/Production from farm to cup

Production from farm to cup

Tea is from a plant with the scientific name Camellia Sinensis and is ready to be consumed after processing. The steps of tea processing in the orthodox (traditional) way are briefly explained below.
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Tea Processing

Tea originated from a plant named Camellia Sinensis which is usable after processing. This process using the Orthodox (traditional) Method is briefly written below:


Tea is plucked from young and terminal branches that consist of two or three young leaves and the terminal bud.

Tea is processed in two different ways: the Orthodox method and the C.T.C method. These two ways are different in the method of rolling the green tea leaves. In the C.T.C method, all of the cells and pigments in the tea leaf are oxidated so the tea has better color and quality than the traditional method.


The goal of withering is to decrease the water inside the tea leaf by 40 percent, decrease the chlorophyll, increase the activity of the Polyphenol Oxidase Enzyme, increase the caffeine, and transform the starch into sugar.


In this step, the sap will come out of cells and the leaf is prepared for the fermentation process. The goal in rolling is to break leaf cells thoroughly or partly and mix the chemical ingredients and enzymes inside the leaf.


In this step which is one of the most important steps in the processing of tea Polyphenols are oxidated and important compounds such as Theaflavins with a red-orange color and Thearubigins with dark brown color.

In the process of fermentation of tannin, the green color and grass-like scent are diminished and the tea becomes light brown.


In this step, tea leaves are dried quickly in the heat and the water percentage in the leaf drops to 2-3%; the tea leaves are cooled shortly afterward.

Sorting & Grading

After the processing, the tea is sorted into different gradings:  whole-leaf, broken-leaf, fanning, gunpowder tea, and dust.

All tea gradings consist of fermented (Black tea), non-fermented (Green tea), and half-fermented (Oolong and Pouching tea) that have different processing.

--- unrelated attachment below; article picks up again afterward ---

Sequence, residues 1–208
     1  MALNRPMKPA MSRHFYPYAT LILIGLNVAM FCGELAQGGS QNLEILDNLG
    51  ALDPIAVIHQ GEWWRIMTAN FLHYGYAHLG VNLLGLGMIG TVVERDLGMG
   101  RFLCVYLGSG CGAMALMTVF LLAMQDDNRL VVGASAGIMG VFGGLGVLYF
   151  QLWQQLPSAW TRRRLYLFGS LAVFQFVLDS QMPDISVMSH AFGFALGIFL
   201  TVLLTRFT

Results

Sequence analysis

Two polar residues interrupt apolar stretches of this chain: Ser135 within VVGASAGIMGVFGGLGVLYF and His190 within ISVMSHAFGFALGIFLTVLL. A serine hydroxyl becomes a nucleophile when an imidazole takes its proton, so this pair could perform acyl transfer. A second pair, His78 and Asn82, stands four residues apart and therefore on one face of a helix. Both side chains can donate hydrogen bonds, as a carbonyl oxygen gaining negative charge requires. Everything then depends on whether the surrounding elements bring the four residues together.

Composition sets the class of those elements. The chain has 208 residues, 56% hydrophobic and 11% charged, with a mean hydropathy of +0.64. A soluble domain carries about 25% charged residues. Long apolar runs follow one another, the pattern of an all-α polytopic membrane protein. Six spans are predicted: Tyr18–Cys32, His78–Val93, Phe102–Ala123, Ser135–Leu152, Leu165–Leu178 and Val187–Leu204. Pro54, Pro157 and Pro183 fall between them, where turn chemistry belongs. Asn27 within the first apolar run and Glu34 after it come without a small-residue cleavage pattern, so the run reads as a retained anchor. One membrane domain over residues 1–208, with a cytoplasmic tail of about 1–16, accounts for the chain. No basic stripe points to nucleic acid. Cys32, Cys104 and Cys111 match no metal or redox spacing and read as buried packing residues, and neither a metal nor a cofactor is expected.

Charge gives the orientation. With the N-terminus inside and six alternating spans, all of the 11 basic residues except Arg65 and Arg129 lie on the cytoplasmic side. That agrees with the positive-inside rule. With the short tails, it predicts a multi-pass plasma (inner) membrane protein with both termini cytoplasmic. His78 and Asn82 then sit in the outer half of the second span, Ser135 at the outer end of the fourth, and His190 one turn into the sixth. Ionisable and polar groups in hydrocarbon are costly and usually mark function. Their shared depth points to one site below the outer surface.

In the countries where the tea-drinking culture is affected by Britain; Abbreviations and Latin letters are used for sorting different types of tea; They call these signs grading or sorting and it indicates the quality of the tea.

The smaller and more broken the tea leaves are, the sooner it will be brewed and it is more favorable for drinking.

The “P” in tea sorting originated from the word Pekoe which is a Chinese word meaning “infant’s hair” and it refers to the terminal leaf bud in tea sorting.

The “O” originated from Orange; Orange-Nassau was the ruling family in the Netherlands so this word doesn’t refer to the color or taste of the tea.

C.T.C tea

 Leaves of CTC tea have a ball-like shape and it is produced in three steps: cutting, tearing, and curling using a machine called Rotervan.

Tea quality

The quality of tea is mostly related to the quality of the leaf it originated from that in itself is related to the kind of plant, the condition of growing, and the type of leaf that was harvested (Its delicacy, freshness, etc.). You can still show the good qualities of this valuable plant by processing it carefully and correctly.

Types of Black Tea based on the country they are produced in

India is the biggest producer of tea, the most famous beverage on Earth. Tea is mostly produced in Assam, North Bengal, Darjeeling, and Nagaland. India has the most important tea brands.

Tea that is planted in the high grounds has more scent and less color; the more we come down to sea level, the more the color and the less the scent will be, thus Darjeeling tea has the most scent and Ceylon tea has the most color and least scent that is why essence-tea is categorized among Ceylon tea.